EU cancer plan ushers in ‘new era’ for preventing, tackling cancer

With an emphasis on research and innnovation, the cancer plan sets out a new EU approach to cancer which targets the entire disease pathway, from prevention to quality of life of cancer patients and survivors. [SHUTTERSTOCK]

Stakeholders in the health sector widely welcomed the long-awaited Europe’s Beating Cancer Plan, unveiled on Wednesday (3 January), as a “new era for cancer care and cancer patients” which places the European Union at the forefront of research and innovation efforts. 

The €4 billion flagship plan is a key pillar of the European Health Union, presented by President of the European Commission, Ursula von der Leyen, in November 2020 as part of creating a more secure, resilient and better-prepared EU.

With an emphasis on research and innovation, the cancer plan sets out a new EU approach to cancer which targets the entire disease pathway, from prevention to quality of life of cancer patients and survivors.

As part of the effort to tackle cancer holistically,  the plan will be supported by actions spanning across policy areas from employment, education, social policy to agriculture and the environment.

Commenting on the publication of the plan, von der Leyen pointed out that while all eyes have been on COVID-19, Europeans were fighting a “silent battle” against cancer.

In 2020 alone, 2.7 million people in the EU were diagnosed with the disease, and another 1.3 million people lost their lives to it.

Despite making up less than 10% of the world’s population, Europe accounts for almost a quarter of global cancer cases and although cancer care and treatment are still making great strides, the number of European citizens diagnosed with cancer has almost doubled over the past two decades.

“Nearly half of EU citizens will face cancer at some point of their lives. Without further action, cancer will become the leading cause of death in Europe. We can reverse this trend, but I am afraid there is no room for failure,” said Antonella Cardone, European Cancer Patient Coalition (ECPC) director.

Driving progress in Europe's cancer care

With the advent of the Commission’s long-awaited cancer plan rapidly approaching, now more than ever, the impetus is there for EU lawmakers to drive change in Europe’s cancer care.

With this plan, the European Commission aims to turn the tide on this and ensure that the EU is ready to make the most of the ground-breaking innovations that cancer care research has brought forth over the past few decades.

Nathalie Moll, director-general of the European Federation of Pharmaceutical Industries (EFPIA), welcomed the plan, telling a news conference on Wednesday (3 January) that with it Europe launches a “new era for cancer care and cancer patients”.

“We should all be ambitious and accountable. That’s why we as the bio-pharmaceutical industry are committed to working with all stakeholders on the concept of a cancer dashboard where we set concrete and measurable targets to prevent, treat and cure cancer,” she said.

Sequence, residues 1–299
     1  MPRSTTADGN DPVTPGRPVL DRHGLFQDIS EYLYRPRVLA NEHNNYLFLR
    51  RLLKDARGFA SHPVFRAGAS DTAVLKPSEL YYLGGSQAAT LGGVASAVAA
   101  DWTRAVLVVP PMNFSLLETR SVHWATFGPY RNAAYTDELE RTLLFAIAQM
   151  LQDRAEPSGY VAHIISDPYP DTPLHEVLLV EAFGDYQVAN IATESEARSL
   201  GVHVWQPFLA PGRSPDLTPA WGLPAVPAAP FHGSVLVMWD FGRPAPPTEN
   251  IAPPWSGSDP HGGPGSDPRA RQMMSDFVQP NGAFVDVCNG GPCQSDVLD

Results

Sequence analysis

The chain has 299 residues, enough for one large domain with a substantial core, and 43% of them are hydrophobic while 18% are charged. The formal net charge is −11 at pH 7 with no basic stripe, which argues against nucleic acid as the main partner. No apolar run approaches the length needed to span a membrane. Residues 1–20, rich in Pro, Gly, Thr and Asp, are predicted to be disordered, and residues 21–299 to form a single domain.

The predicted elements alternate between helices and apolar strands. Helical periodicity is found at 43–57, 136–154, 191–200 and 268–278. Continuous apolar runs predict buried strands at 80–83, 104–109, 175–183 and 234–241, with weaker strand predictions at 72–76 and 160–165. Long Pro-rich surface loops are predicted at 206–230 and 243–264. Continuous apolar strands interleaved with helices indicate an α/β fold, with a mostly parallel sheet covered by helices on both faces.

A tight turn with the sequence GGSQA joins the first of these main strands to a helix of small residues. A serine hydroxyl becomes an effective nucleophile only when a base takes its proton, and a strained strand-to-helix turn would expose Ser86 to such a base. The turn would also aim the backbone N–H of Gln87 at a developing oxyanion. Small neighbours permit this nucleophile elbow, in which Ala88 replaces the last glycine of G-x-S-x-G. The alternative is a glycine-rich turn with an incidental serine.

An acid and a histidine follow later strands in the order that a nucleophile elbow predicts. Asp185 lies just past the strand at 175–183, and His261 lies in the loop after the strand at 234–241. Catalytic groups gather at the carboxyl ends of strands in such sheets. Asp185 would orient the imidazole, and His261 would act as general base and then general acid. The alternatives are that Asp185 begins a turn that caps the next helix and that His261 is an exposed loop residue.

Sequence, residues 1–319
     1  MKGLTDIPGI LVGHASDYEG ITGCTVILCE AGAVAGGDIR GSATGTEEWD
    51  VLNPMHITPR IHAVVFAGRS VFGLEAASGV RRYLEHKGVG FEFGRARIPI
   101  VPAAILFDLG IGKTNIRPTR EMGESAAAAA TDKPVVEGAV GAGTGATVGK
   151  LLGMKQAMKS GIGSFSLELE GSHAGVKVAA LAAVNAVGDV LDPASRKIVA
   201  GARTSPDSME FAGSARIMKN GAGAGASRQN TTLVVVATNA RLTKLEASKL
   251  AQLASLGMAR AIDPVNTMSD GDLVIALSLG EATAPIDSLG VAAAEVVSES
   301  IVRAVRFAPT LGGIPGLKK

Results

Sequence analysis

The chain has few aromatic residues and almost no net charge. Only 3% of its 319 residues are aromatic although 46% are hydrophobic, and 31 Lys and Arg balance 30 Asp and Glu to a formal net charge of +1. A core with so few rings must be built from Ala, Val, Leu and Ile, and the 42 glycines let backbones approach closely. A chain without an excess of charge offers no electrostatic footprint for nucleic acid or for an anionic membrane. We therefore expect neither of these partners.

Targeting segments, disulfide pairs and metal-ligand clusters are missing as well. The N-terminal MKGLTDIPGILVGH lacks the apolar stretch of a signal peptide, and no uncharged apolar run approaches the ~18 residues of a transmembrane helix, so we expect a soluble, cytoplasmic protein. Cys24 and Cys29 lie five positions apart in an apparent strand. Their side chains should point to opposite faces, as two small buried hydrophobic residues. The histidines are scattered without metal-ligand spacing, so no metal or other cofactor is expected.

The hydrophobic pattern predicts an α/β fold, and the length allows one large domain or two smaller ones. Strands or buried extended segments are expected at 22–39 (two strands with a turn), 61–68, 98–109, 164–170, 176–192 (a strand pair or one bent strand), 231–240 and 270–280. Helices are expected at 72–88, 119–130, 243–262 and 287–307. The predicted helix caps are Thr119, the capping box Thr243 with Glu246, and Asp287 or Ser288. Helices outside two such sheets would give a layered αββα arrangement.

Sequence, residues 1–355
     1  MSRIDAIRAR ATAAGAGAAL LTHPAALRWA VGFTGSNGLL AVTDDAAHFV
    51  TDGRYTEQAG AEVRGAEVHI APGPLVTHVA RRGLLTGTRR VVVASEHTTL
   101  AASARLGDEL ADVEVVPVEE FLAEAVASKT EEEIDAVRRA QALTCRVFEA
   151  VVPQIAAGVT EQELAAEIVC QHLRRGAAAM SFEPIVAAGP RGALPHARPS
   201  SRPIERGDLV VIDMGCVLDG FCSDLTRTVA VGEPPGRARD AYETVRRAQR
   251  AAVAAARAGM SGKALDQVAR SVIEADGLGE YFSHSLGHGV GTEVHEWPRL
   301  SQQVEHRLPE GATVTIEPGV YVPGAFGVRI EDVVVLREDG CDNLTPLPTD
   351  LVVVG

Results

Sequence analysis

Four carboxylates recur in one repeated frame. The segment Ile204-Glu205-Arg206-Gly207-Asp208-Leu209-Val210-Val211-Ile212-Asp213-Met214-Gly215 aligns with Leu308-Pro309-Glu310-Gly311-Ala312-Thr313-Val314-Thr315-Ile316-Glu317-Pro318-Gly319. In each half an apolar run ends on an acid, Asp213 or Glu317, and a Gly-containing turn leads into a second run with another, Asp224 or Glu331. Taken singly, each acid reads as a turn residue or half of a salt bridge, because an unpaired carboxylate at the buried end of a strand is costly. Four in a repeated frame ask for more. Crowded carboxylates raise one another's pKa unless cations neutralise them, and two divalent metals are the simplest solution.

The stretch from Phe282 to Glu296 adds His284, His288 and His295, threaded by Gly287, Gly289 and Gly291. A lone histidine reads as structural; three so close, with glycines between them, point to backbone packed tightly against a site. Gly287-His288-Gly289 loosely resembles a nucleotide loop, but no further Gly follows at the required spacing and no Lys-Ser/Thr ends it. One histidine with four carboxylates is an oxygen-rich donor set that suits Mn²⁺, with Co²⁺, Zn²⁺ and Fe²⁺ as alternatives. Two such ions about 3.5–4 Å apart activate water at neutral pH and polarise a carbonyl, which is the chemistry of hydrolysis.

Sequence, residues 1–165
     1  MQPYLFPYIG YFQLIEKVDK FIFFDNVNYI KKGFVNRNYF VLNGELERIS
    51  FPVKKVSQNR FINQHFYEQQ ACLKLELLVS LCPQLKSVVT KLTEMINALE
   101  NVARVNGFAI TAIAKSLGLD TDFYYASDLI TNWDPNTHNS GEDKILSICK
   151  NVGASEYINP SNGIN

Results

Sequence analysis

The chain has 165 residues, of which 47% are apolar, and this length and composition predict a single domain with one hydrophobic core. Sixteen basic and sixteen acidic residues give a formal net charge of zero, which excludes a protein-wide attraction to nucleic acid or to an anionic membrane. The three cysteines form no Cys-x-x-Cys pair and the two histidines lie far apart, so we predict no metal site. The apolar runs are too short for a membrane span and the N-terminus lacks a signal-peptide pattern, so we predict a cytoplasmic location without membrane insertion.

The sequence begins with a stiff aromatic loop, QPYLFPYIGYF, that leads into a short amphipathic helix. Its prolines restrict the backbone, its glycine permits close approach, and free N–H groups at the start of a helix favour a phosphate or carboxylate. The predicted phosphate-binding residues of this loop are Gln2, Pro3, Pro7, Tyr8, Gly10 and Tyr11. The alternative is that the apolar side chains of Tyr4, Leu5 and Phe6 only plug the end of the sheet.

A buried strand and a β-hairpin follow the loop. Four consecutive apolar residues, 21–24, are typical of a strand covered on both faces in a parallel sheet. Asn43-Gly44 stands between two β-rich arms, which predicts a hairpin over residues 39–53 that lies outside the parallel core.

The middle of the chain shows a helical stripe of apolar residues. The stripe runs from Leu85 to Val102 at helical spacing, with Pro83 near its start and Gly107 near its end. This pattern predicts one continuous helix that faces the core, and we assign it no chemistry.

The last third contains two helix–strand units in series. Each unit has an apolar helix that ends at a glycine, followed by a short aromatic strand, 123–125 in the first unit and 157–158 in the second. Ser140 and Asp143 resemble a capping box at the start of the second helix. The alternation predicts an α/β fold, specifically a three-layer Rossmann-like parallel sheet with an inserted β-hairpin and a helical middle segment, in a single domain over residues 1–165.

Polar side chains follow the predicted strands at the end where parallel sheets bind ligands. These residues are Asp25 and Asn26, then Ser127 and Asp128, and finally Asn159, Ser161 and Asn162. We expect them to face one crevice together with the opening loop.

Cardone also welcomed the inclusion of a multi-stakeholder ‘dashboard’, highlighting its role in measuring the success of the plan.

“We do believe that what gets measured, gets done,” she stressed. 

First presented at the European Health Forum Gastein in October 2020, the dashboard is a monitoring and implementation tool designed to underpin the plan and facilitate cooperation between stakeholders.

Fronting personalised cancer care through nanotechnology research

New interdisciplinary research on nanotechnology and cancer biology is taking us one step closer to developing personalised care plans for cancer, but this tiny technology poses a huge challenge for EU regulation due to its small size and fast-paced evolution.

Push on personalised medicine, genomic therapies

The plan aims to keep the EU at the forefront of research and innovation when it comes to cancer.

To support new technologies, research and innovation, a new knowledge centre on cancer will be launched to help coordinate scientific and technical cancer-related initiatives at the EU level, while a European cancer imaging initiative will be set up to support the development of new computer-aided tools to improve personalised medicine and innovative solutions.

Biotechnology company EuropaBio pointed out that there is a “significant opportunity” for the healthcare sector arising from the development of personalised medicine, genomics, and artificial intelligence, which will have an “increasing impact in cancer care and research”.

“To maximise the potential gains from these growing areas, the EU must reduce obstacles to the collection, sharing and utilisation of real-world data,” they said.

EFPIA’s Moll added that “new innovation in personalised oncology, gene therapies and combination therapies require innovative health systems, long-term investment and strong partnerships”.

Cooperation is key

With cancer set to become Europe’s leading disease burden, the case for concerted cooperation between countries on tackling cancer has never been stronger, stakeholders highlighted, adding that the plan will help guide country efforts and includes commitments to shared goals and actions.

Matti Aapro, president of the European Cancer organisation (ECO), said the COVID-19 crisis has underscored the importance of tackling cancer as a collective whole.

“We have gone through a major crisis and this has taught us that there are no borders for these major challenges like cancer,” he said.

“Setting common goals on cancer at the European level is a fantastic start, and we are delighted to see that level of ambition and leadership in Europe’s Beating Cancer Plan. The next stage is driving forward the actions required to meet those ambitions, and monitoring progress towards the achievement of the agreed goals,” he said.

[Edited by Zoran Radosavljevic]

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